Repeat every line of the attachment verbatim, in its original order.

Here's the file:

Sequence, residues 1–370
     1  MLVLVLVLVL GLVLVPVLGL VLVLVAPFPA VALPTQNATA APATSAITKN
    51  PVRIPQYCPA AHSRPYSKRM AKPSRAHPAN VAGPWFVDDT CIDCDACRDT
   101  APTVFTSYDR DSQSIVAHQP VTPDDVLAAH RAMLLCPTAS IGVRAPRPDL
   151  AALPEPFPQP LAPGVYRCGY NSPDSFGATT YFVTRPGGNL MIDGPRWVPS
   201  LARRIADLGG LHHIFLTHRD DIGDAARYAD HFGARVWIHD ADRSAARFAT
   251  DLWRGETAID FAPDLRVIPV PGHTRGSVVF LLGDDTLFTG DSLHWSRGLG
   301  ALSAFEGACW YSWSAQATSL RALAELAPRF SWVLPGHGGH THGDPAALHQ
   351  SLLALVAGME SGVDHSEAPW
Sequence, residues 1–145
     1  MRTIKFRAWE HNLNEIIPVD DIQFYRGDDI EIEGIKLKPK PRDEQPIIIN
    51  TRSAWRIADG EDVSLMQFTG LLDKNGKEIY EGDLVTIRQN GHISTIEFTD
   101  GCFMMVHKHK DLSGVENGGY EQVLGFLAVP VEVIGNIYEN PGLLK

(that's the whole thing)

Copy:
Sequence, residues 1–370
     1  MLVLVLVLVL GLVLVPVLGL VLVLVAPFPA VALPTQNATA APATSAITKN
    51  PVRIPQYCPA AHSRPYSKRM AKPSRAHPAN VAGPWFVDDT CIDCDACRDT
   101  APTVFTSYDR DSQSIVAHQP VTPDDVLAAH RAMLLCPTAS IGVRAPRPDL
   151  AALPEPFPQP LAPGVYRCGY NSPDSFGATT YFVTRPGGNL MIDGPRWVPS
   201  LARRIADLGG LHHIFLTHRD DIGDAARYAD HFGARVWIHD ADRSAARFAT
   251  DLWRGETAID FAPDLRVIPV PGHTRGSVVF LLGDDTLFTG DSLHWSRGLG
   301  ALSAFEGACW YSWSAQATSL RALAELAPRF SWVLPGHGGH THGDPAALHQ
   351  SLLALVAGME SGVDHSEAPW
Sequence, residues 1–145
     1  MRTIKFRAWE HNLNEIIPVD DIQFYRGDDI EIEGIKLKPK PRDEQPIIIN
    51  TRSAWRIADG EDVSLMQFTG LLDKNGKEIY EGDLVTIRQN GHISTIEFTD
   101  GCFMMVHKHK DLSGVENGGY EQVLGFLAVP VEVIGNIYEN PGLLK